Tech Access Is a Huge Need, But Students’ At-Home Connectivity Is Falling Short

Contributing Writer
Lack of at-home internet access a big concern, EdWeek Market Brief

Districts across the country have beefed up their Internet infrastructure on campus, as the pandemic forced school systems to shift quickly to a 1-to-1 device environment. 

But student and teacher access to broadband away from school campuses still remains a major hurdle in the K-12 connectivity landscape.

That’s one of the takeaways from a new survey from Funds For Learning, an organization that consults with districts on the E-rate program, a multibillion federal effort that supports internet connectivity for schools and libraries, but does not support off-campus activity. The report highlights the ongoing inequities in access to high-speed Internet outside of school, at a time when many students’ opportunities to learn are dependent on their ability to connect with ed-tech tools and mobile devices.

The federal E-rate program has long been a key vehicle for delivering on-campus connectivity to schools and libraries. More than 21,00 school districts, individual schools, libraries and states and 3,700 vendors currently participate in the program. 

And district officials using the E-rate program also believe it could serve another purpose: To help offset the costs of providing broadband to the homes of students and teachers, according to the Funds For Learning survey.

The data from the report includes survey responses from June from nearly 2,100 applicants to the federal subsidy program.

According to the report, 74 percent of respondents agree or strongly agree that insufficient Internet access to the home of students and library patrons is a significant issue in their community. Only 9 percent of respondents said they disagree or strongly disagree.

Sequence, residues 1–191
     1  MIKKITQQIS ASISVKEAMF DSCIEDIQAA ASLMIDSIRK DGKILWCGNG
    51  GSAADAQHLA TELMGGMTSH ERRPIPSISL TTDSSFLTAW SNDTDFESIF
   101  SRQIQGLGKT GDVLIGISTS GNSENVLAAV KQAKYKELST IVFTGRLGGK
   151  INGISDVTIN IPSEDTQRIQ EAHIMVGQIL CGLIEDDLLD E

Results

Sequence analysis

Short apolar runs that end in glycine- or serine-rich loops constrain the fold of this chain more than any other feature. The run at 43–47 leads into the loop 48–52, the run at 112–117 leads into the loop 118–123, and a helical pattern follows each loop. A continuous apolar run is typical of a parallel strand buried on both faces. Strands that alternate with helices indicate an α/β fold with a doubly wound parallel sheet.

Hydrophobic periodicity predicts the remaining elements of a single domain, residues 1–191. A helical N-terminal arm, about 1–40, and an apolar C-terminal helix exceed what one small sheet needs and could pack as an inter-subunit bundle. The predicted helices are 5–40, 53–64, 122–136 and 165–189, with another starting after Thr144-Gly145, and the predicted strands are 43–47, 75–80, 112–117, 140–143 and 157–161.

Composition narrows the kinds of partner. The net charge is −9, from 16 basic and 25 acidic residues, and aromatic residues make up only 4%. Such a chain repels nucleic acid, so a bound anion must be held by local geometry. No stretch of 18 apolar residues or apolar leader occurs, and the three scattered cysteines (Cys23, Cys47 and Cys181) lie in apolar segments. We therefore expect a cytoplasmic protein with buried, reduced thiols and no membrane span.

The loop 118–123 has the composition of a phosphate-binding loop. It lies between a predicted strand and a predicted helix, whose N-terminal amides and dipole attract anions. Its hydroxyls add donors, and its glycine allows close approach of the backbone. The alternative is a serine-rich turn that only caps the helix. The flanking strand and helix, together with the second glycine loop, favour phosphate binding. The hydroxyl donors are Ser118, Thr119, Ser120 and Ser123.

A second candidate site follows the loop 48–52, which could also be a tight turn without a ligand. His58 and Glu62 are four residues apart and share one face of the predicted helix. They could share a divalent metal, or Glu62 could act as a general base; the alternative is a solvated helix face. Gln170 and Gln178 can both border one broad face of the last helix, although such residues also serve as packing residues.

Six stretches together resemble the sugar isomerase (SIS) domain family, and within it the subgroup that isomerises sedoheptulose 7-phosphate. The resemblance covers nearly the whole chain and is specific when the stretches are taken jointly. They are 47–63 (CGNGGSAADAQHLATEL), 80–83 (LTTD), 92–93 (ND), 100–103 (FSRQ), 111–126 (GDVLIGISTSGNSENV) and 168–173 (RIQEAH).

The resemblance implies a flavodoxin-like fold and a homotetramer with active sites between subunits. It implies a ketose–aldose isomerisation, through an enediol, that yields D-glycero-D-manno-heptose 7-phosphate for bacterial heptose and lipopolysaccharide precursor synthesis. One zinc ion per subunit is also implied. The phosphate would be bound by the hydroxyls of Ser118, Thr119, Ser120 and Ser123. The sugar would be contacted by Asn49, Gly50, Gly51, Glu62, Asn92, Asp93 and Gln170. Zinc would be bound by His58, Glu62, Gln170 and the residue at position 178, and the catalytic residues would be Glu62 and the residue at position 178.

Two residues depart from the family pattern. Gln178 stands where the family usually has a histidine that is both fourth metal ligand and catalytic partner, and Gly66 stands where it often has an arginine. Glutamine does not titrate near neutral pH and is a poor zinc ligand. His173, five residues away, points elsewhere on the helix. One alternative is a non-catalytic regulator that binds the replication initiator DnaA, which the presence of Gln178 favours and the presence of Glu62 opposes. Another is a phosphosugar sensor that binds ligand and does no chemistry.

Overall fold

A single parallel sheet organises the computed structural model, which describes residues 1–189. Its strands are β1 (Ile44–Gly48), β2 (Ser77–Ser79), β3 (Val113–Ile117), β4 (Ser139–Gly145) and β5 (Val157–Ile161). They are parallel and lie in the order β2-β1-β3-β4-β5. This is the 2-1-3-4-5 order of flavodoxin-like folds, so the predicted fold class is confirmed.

Nearly three-fourths of respondents — 72 percent — said they agree or strongly agree that the E-rate program offers the most practical solution for schools and libraries to access money to improve off-campus connectivity for students and teachers. 

And 80 percent of respondents said if the FCC allowed their districts or libraries to share Internet access off campus, at no additional cost to the E-rate program, they would do so.

Brian Stephens, the director of stakeholder engagement at Funds For Learning, said while COVID-19 spurred districts to invest more in ed tech and in their on-campus networks, at-home connectivity largely remains a conundrum. 

“It’s still a lingering issue out there,” he said. “A lot of families were able to find ways to get connected or find better-quality connections during remote learning, but that said, it’s rare we come across a district that has this problem completely solved.” 

In March 2021, Congress approved roughly $7.2 billion as part of a COVID stimulus package to pay for devices and internet connectivity tools used off campus. 

That money — known as the Emergency Connectivity Fund — was distributed to districts for laptops, tablets, Wi-Fi hotspots, modems, and routers to connect students and staff at home or wherever learning is taking place away from school buildings.